Comparing Douglas's Autobiography, My Bondage And My Freedom

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The great Rosa Parks once said “Racism is still with us. But it is up to us to prepare our children for what they have to meet, and, hopefully, we shall overcome.” The authors Frederick Douglass and Paul Laurence Dunbar, both wrote about the mistreatment and discrimination towards people, usually being African Americans. Frederick Douglass used diction and figurative language to help convey his message to his readers. Meanwhile, Paul Laurence Dunbar used imagery and diction to help his readers connect to his thoughts and emotions.
Authors tend to use political and or social statements to express themselves in literature. Paul Laurence Dunbar talks about the inequality and discrimination that African Americans were facing in his poem “Douglass.”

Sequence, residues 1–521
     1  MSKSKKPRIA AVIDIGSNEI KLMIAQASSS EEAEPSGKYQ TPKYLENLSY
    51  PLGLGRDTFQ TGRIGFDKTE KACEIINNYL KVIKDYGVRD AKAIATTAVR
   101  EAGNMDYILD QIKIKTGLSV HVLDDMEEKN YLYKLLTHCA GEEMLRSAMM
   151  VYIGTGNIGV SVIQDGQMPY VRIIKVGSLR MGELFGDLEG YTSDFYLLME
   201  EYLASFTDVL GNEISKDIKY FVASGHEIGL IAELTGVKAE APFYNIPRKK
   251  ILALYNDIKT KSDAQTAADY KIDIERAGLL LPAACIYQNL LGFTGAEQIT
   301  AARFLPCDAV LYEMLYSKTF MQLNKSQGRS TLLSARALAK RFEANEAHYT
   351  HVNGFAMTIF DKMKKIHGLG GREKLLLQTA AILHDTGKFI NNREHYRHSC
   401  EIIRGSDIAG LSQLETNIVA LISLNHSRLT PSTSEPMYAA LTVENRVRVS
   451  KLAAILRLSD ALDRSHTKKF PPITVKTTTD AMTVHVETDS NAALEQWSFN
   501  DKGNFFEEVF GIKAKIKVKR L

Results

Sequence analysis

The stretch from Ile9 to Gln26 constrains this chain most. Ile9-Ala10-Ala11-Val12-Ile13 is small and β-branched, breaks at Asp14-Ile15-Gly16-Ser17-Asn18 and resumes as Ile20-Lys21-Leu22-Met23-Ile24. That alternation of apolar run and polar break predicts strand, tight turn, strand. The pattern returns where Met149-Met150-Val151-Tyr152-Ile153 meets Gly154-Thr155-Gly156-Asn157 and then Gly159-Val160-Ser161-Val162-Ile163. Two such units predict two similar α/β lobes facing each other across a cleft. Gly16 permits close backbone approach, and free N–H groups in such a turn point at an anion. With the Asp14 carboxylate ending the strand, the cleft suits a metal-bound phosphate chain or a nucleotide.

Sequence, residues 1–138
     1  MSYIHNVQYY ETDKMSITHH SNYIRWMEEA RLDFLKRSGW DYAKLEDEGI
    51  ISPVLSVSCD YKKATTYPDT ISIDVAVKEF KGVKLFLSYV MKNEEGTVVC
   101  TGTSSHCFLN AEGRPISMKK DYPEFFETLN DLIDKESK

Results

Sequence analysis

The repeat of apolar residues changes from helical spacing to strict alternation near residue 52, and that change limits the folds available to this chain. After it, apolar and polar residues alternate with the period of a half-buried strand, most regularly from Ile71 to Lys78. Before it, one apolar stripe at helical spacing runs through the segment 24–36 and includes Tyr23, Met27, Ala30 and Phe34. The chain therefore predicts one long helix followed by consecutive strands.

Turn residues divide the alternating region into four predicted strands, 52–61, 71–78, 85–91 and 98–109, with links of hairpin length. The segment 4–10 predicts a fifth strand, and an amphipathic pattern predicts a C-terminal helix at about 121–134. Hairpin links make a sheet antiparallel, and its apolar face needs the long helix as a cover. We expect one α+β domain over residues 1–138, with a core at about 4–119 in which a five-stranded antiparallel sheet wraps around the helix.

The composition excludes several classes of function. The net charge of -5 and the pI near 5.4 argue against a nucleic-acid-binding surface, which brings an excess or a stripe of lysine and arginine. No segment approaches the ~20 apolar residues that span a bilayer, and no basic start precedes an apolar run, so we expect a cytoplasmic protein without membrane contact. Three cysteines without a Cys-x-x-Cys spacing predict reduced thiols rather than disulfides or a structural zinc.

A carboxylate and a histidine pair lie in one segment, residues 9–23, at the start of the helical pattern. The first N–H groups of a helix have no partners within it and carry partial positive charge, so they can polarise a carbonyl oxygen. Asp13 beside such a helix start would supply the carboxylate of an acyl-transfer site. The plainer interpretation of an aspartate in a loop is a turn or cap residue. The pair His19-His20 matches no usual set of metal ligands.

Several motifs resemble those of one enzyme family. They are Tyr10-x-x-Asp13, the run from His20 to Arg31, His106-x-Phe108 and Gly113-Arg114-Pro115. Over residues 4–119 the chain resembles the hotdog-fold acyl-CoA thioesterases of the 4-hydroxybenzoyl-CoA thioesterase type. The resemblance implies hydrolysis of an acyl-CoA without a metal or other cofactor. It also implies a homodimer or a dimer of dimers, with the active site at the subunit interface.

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In Frederick Douglass’s autobiography, My Bondage and My Freedom, Frederick Douglass discusses the political issues dealing with slavery. He uses diction to explain his complications of gaining knowledge and the struggles of being a slave. Douglass was a slave and as most people know, slaves weren’t supposed to be able to read or write. However, Douglass was fortunate enough to have someone who was willing to teach him, but it happened to be his master’s wife. However, the master made the mistress turn on Douglass and she started treating him just as the other slaves were treated. In the autobiography, Douglass says “How could she, then, treat me as a brute.” Douglass also struggled with the idea of him never being a free man. He would play with the other kids, whom were white, and tell them how he would never be free. He says “I wish I could be free, as you will be when you get to be men… but I am a slave for life.” Douglass used his diction in this autobiography to show the political struggles that he went through as a slave. It is obvious, however, that he did become a successful man and his words of wisdom will live on
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